Derek Jeter scores as Ronny Paulino drops another throw - Chris McGrath/Getty Images
Saturday night in New York City. The Big Apple. Around 8:30, I emerged from a restaurant in Chinatown with five of my closest friends and began the ritual of wandering around aimlessly searching for a subway station. Some time later, we emerged from a subway train at the Times Square stop. We paused for several minutes to take in a break dancing show, then emerged at the surface on 42nd Street. All around us, people were scurrying to get somewhere. After a short time, my friends decided to catch a movie. I abstained, choosing instead to roam the streets. About an hour into my trek, I glanced inside a TGI Friday’s and spotted the Yankees on the television at the bar. Suspecting that it was a replay of the game I had missed earlier in the afternoon, I ducked inside to have a drink. As I was settling onto a stool, I watched a Pirates’ hitter ground into a fielder’s choice. Something was unusual about that play. And why was Kevin Brown pitching for the Yankees? Then I realized what was strange about the groundout. Matt Lawton had been the hitter. I was watching a replay of a game from 2005. As I sat there, it became painfully obvious what I was watching. This was the Tony Randazzo debacle that ruined any hope for the 2005 season.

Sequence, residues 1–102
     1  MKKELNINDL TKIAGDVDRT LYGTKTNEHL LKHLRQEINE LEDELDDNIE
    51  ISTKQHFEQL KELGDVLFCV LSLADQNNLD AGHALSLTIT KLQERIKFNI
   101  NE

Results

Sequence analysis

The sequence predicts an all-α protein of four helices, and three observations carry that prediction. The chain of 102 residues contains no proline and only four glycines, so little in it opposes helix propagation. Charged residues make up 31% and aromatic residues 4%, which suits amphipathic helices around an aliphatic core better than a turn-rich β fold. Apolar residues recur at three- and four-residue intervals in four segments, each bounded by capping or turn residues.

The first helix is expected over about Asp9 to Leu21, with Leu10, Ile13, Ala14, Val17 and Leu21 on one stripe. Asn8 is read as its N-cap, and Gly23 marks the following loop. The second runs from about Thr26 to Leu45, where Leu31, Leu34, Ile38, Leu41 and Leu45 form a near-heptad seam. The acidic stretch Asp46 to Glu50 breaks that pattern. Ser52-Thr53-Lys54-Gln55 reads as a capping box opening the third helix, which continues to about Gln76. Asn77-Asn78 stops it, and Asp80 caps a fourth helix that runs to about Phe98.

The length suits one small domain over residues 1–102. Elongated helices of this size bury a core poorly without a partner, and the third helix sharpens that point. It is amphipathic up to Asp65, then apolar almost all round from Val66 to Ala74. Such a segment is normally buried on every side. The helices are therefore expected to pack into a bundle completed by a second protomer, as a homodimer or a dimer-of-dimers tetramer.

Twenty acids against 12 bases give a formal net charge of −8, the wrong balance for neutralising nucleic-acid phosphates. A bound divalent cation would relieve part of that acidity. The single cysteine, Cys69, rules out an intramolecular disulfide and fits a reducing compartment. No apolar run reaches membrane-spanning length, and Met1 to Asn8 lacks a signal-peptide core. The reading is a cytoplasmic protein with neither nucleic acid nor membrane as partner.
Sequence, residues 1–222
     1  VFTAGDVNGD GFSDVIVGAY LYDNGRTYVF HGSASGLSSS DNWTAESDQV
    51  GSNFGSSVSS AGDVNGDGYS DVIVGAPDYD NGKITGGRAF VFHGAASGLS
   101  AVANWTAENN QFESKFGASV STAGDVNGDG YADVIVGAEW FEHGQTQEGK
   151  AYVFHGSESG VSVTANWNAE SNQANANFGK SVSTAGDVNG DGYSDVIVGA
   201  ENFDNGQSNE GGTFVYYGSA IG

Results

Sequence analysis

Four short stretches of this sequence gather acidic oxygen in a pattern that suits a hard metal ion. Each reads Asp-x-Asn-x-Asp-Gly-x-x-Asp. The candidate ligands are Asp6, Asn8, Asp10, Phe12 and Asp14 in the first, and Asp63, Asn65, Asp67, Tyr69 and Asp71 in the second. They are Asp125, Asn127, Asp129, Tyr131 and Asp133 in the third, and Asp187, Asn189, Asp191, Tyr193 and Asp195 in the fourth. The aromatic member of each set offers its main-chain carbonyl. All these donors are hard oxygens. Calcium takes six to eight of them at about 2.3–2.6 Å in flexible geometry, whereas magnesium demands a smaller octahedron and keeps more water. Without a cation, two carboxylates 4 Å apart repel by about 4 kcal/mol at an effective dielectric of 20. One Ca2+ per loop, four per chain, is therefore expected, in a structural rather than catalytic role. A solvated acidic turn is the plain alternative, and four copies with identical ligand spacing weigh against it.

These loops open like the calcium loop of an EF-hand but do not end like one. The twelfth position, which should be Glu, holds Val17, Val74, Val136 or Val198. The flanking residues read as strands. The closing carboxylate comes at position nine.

Maybe it was another poor first round draft pick. Maybe it was the realization that our team is no better than it was in June 2005. Most likely, it was the similarity between the game I was watching and the one I had just witnessed the night before. Whatever the reason, it suddenly hit me. The Pirates are screwed. They have three guys on the roster with an OPS over .800. Five of our starting eight position players have an OPS under .700. Our defense is average on a good day and agonizingly defective the rest of the time. Only two starting pitchers are having any success at the Major League level. The bullpen has been terrible, and the stock of young relievers that Dave Littlefield spent years building has been of no assistance. There is very little help in the minors, on offense or on the mound. We are selecting relievers with little upside fourth overall in the draft. With competent management, this team can be competitive in a couple of years. We all know that the Pirates do not have competent management. I ordered another drink.
The bar was closing as Randazzo ruled Gary Sheffield safe at first. I left before the Yankees completed their comeback. Depressed, I wandered back to the movie theater. Before long, my friends emerged and we caught the subway back uptown.
The Tony Randazzo loss on June 15, 2005 sent the Pirates into a tailspin from which they never recovered. The Pirates have not won since Derek Jeter’s roller ended Friday’s game. Most likely, this season is about to spiral out of control. But I will be at PNC Park tomorrow night. I will expect a victory, regardless of the probability that one might occur. Some day, the Pirates will be the champions of baseball. It might not be this year, it might not be this decade, it might not be until I am an elderly man. But no matter how long it takes, I will be there. And I will be celebrating.